I can remember this next part just as easily as if it were yesterday. I was standing in front of a big screen TV in The Tiger Town Tavern. It was after midnight; the Braves were playing the Pirates. The winner, unbelievably, would go to the WORLD FREAKING SERIES. A new kid named John Smoltz pitched a complete game and shut out the vaunted Pirate batting line up — including a young (and much smaller pre-steroid Barry Bonds). The Braves were going to the Series!
I almost got in a fist fight pushing my way to the front of the pay phone line (this was way before everyone had a cell phone) and called Papa. Granny answered the phone and just as I asked her if Papa was up to see the game winning run, I heard him call from the den, “World Series, son, we’re going to the World Series!” Granny just laughed and took him the phone where we replayed every crucial at bat during the entire game.
Unfortunately, Papa took sick later that week. I’d scraped up enough to get us tickets to at least one game, but he was under the weather and Granny said “NO.” So that was that. I ended up watching three of the seven games of the Series against the Twins with him and we were on the phone talking as we watched Gene Larkin break our hearts with the winning hit in that unbelievable game seven.
Papa and I never did get to see the Braves play in any of the World Series of that awesome 15 year run when it seemed the Braves couldn’t be beaten anymore. He was on oxygen by the time little Francisco Cabrera’s pinch hit and Sid Bream’s slide sent us to the 1992 World Series, but I sat with him and together we watched Joe Carter and the Toronto Blue Jays beat us. A baseball team from CANADA. The shame was too great to bear.
Papa was gone by the time the Braves made the series again in 1995. He died of a heart attack in Daddy’s arms right after the All-Star break. His beloved Atlanta baseball cap hung on the top peg of the hat rack in the kitchen right where he’d put it the week before . . . the last time he’d worn it before he became bed-ridden. I wanted to bury it with him, but Aunt Cathy couldn’t stand the idea of parting with it, so we didn’t. I’m glad now. It’s still right where he hung it. It’s never been moved. Cathy will gently dust it off every now and again, but it’s waiting for him.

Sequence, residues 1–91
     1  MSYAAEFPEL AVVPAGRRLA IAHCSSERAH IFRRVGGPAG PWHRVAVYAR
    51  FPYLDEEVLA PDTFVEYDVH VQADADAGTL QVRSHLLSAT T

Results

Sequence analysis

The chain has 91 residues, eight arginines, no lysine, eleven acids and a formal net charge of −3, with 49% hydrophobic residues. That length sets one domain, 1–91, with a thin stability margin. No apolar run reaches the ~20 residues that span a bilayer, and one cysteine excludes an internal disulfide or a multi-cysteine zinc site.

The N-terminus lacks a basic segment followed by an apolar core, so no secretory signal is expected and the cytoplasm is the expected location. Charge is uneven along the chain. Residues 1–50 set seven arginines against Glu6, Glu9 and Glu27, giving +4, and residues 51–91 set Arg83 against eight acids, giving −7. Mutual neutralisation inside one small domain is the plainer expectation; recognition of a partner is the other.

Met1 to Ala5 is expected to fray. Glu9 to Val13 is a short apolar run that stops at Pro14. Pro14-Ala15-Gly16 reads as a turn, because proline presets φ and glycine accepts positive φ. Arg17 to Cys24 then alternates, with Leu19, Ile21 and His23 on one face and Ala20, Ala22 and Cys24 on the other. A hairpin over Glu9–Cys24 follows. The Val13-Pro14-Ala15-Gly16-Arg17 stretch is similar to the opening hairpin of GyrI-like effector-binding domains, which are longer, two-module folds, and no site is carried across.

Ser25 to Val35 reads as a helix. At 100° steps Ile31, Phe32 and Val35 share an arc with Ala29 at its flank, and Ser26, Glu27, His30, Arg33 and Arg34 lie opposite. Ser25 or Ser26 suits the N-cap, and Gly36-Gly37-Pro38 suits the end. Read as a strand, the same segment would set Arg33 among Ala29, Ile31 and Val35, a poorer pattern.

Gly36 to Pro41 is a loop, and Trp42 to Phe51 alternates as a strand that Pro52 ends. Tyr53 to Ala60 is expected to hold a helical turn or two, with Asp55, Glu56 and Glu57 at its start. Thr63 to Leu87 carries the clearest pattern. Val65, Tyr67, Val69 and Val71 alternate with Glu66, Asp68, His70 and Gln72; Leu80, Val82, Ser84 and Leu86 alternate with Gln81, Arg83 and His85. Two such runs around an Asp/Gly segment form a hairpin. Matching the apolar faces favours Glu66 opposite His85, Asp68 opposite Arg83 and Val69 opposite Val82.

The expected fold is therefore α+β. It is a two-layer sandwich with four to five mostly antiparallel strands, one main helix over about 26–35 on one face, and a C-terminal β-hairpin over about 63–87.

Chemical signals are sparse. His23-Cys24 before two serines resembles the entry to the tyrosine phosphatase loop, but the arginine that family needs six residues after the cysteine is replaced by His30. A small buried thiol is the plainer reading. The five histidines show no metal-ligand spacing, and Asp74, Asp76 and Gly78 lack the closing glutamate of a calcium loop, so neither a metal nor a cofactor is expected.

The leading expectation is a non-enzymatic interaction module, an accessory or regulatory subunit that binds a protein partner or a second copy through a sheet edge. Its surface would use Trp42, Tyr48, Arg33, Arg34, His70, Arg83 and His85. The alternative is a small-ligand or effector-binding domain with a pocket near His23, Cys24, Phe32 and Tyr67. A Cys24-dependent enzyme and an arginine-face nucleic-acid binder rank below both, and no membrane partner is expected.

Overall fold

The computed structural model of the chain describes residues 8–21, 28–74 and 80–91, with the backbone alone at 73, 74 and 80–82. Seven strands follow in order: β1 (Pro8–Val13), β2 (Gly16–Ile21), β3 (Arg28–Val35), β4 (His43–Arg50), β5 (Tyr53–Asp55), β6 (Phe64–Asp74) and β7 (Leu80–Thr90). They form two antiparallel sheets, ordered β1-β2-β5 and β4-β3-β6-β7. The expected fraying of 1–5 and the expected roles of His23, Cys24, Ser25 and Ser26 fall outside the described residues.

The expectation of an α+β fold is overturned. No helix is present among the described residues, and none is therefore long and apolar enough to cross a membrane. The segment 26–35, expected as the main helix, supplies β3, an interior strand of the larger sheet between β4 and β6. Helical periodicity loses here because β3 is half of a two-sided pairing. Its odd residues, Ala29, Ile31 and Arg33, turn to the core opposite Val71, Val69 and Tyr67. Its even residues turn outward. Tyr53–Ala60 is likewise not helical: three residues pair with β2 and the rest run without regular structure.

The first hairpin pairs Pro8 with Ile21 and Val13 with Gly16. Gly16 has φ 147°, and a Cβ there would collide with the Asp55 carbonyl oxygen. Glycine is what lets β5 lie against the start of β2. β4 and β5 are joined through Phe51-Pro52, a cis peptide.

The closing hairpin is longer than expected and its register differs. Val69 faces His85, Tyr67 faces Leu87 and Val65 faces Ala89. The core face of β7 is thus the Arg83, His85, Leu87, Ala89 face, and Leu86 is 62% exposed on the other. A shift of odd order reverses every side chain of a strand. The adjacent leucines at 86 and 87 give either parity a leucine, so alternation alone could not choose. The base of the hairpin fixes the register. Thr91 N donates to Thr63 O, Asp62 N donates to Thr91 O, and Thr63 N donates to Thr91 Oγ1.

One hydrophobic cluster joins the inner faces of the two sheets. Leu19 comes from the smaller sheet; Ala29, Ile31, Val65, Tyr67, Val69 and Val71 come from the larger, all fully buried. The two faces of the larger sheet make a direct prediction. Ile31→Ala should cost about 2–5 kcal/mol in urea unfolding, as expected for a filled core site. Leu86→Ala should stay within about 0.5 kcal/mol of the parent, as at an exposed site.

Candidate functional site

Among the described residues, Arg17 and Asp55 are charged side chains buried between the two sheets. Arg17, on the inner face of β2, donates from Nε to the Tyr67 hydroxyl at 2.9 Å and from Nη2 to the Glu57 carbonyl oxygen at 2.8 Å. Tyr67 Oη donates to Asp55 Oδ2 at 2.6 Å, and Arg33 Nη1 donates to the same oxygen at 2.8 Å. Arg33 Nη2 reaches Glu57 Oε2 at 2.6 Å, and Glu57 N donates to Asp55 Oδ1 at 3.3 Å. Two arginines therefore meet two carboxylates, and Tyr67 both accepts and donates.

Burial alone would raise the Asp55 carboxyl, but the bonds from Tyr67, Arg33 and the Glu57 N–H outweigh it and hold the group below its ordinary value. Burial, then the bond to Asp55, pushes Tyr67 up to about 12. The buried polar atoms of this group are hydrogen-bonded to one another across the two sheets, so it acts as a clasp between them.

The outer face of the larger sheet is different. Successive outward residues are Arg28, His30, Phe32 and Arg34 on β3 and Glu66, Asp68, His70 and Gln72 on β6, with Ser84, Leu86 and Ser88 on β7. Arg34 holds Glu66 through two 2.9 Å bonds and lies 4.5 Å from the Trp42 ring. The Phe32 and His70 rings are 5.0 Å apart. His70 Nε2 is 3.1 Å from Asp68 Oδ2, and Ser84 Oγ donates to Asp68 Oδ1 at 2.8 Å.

I sat alone in tears and watched the Braves beat the Indians in game 6 of the 1995 World Series to win the only World Series they would win during their streak. The next day, I cut the box score out of the local paper, had it laminated, wrapped it in a plastic bag and buried it under the gravel in the corner of Papa’s plot. The Braves haven’t won another series since. I guess all the magic of their greatest fan just petered out once he was gone. I miss him terribly and to this day,
fifteen eighteen years on, I can’t watch a Braves game without thinking of him.
So to all you fathers and grandfathers out there, take in a game and make some time for each other. I love you, Papa.
And I love y’all!
Keep your feet clean now!